Fifty years ago you had to be married to be a respectable adult in the United States. Today, marriage is optional—you can get most of your emotional and economic needs by living with partner—and single parents can also get by. But oddly enough, marriage is, if anything, more important than ever to people as a symbol of having made it in life—of having a successful personal life. Most young Americans still want to get married, but they do it only when all the other steps to adulthood are in place—when they have completed their education, when they and their partners have jobs, when they have saved up enough for a down payment on a house, or even have had children together. Marriage used to be the first step into adulthood, but now it is the last. It’s the capstone of personal life—the final brick put in after all the others are in place.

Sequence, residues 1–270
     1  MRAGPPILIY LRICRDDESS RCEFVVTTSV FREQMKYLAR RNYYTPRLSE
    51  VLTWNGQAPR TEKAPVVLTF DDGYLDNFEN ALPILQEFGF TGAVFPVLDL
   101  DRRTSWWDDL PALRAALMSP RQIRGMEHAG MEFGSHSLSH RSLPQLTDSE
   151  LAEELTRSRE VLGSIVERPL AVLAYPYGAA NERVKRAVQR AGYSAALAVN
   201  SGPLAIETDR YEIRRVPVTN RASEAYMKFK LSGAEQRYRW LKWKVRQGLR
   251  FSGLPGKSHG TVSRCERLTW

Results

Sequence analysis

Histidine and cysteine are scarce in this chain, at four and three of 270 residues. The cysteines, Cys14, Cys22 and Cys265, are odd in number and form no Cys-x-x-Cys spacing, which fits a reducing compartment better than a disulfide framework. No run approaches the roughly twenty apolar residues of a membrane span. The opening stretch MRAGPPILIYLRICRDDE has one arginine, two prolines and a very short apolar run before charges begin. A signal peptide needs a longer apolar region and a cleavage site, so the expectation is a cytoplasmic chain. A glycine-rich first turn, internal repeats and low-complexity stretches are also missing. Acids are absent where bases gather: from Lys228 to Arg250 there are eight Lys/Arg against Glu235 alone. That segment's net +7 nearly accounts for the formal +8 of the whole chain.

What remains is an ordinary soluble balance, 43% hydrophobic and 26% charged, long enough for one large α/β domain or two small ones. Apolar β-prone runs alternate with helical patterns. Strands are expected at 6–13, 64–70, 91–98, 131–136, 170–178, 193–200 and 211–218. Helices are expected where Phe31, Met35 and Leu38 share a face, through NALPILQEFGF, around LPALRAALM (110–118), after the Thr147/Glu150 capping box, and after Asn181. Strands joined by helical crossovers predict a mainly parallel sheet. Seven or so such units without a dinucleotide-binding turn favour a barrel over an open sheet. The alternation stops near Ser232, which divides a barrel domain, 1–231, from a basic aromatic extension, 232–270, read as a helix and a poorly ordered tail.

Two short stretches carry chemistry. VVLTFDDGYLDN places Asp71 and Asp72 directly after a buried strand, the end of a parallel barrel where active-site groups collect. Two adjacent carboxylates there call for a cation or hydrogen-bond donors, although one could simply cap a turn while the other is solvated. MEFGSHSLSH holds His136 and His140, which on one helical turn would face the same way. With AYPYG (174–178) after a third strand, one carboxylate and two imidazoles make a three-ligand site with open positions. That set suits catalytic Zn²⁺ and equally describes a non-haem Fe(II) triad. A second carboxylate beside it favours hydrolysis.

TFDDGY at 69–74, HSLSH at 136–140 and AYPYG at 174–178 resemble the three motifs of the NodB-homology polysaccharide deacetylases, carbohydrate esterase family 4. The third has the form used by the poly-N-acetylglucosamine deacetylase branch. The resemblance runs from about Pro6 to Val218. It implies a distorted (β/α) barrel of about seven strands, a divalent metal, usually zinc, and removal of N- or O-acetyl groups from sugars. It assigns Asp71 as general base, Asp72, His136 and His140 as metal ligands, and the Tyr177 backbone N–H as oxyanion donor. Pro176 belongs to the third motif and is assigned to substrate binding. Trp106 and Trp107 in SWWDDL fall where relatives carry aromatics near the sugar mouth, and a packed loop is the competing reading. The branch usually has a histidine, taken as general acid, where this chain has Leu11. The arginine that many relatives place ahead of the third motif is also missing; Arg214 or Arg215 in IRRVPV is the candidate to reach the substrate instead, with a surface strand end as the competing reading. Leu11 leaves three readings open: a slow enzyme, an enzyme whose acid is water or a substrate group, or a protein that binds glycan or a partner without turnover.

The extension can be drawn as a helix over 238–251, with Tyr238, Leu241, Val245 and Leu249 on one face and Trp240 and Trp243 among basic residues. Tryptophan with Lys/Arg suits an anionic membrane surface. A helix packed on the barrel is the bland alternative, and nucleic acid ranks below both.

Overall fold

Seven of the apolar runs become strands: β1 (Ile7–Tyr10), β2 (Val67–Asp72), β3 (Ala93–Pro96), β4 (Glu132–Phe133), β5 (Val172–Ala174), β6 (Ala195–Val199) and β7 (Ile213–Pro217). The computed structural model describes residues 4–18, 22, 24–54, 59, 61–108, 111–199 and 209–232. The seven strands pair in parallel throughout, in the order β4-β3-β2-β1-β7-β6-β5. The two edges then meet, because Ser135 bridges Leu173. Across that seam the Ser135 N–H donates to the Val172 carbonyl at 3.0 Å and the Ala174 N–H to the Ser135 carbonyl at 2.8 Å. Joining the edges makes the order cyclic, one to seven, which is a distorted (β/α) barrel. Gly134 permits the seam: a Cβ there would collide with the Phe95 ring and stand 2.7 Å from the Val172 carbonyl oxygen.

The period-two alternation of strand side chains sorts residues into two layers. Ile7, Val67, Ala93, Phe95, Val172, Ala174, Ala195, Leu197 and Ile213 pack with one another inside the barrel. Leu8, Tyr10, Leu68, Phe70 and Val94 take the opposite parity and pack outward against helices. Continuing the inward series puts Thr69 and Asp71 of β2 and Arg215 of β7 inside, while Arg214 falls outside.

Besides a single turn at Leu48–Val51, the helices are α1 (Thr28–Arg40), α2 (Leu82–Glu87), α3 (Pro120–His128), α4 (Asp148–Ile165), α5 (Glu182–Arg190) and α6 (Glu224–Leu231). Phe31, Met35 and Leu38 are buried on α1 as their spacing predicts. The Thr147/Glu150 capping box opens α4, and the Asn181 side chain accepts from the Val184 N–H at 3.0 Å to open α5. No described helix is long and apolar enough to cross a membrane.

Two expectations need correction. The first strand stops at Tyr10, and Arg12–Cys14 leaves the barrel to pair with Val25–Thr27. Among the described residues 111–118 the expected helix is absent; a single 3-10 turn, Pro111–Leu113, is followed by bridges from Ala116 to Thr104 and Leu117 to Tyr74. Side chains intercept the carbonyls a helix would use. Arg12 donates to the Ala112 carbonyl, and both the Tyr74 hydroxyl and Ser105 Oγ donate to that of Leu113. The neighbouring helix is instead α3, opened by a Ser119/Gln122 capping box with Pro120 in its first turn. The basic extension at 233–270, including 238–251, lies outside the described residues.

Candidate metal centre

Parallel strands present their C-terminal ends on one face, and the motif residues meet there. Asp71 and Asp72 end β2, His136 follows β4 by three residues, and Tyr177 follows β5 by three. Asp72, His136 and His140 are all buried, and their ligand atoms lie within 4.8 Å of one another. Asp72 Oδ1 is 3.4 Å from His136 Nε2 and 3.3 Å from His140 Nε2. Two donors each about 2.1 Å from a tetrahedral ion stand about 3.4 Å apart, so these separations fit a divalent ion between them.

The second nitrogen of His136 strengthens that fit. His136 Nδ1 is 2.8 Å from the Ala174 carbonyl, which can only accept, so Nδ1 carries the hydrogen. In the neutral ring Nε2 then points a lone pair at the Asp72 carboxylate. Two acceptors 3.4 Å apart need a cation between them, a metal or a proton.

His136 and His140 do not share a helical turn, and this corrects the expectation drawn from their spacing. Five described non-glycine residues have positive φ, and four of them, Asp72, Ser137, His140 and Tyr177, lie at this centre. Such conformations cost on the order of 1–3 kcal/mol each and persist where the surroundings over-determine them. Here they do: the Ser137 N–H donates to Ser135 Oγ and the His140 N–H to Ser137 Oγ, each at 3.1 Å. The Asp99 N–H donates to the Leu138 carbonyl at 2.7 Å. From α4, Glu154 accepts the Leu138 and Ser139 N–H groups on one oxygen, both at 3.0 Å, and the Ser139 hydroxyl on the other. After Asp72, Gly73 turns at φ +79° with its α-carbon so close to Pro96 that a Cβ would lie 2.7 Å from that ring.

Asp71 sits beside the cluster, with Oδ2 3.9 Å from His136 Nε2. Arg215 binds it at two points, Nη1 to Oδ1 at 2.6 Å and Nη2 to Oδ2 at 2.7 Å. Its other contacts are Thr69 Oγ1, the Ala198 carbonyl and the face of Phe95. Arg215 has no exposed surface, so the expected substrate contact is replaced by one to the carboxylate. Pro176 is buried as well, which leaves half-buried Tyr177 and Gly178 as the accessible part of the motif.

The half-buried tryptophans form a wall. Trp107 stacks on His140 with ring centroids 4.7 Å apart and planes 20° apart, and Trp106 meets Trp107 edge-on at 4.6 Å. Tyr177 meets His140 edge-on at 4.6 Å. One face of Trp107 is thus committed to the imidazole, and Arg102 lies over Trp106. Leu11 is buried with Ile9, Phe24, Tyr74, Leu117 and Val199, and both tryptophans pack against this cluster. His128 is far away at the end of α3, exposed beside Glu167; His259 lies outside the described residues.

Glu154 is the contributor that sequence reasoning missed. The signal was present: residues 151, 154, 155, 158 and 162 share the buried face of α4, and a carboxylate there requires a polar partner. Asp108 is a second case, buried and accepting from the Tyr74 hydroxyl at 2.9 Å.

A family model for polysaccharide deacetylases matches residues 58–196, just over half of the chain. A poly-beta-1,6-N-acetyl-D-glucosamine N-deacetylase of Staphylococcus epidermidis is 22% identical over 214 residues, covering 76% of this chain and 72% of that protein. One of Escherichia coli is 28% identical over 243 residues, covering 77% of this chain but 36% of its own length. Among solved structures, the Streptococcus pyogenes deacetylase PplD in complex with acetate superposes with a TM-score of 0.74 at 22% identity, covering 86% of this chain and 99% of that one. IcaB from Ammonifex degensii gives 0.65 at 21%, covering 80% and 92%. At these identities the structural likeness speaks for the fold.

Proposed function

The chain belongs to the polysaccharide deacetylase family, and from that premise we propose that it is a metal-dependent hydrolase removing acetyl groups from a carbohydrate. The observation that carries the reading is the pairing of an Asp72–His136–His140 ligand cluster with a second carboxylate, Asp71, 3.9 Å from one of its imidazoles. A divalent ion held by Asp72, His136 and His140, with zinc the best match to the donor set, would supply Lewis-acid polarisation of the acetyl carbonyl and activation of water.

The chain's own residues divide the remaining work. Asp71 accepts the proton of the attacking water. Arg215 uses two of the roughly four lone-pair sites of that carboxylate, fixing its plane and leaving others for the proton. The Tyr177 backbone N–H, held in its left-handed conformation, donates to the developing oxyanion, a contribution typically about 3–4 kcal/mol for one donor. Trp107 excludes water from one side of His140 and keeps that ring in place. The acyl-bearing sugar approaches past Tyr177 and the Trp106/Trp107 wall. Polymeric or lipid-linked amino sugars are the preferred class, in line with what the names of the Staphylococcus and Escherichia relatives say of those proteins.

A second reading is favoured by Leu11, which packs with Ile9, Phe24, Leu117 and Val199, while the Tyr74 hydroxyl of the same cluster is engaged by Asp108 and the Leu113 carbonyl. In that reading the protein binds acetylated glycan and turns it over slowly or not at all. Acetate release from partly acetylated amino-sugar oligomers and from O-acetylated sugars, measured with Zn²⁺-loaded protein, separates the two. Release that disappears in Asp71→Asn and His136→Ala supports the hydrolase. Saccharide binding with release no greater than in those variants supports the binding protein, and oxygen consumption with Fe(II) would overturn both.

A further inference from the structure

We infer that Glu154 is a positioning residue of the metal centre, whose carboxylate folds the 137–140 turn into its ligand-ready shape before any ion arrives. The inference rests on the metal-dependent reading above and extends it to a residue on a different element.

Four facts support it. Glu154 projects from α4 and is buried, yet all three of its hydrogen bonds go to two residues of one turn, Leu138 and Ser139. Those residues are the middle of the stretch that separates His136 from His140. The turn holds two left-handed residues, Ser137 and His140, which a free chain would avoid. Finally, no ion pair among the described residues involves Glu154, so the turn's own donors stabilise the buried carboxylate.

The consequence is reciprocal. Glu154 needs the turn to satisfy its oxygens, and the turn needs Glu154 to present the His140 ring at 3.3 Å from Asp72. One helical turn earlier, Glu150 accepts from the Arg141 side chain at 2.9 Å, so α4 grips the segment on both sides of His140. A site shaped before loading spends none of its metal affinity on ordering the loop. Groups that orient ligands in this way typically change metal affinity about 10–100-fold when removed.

So marriage is still important, but in a different way than in the past. It’s a symbol of personal achievement—the ultimate merit badge, the marriage badge.
One statistic that stunned me: take two children, one growing up with married parents in the United States, and one growing up with unmarried parents in Sweden—which child has the higher likelihood of seeing his parents’ relationship break up? Answer: the American kid, because children living with married parents in the United States have a higher probability of experiencing a break‐up than do children living with unmarried parents in Sweden. That’s how high our break‐up rates are.
So… yeah. If it sounds interesting to you, check out The Marriage‐Go‐Round. Interestingly, the Google Books page is very sparse right now. How long does it take for new books to get a full listing?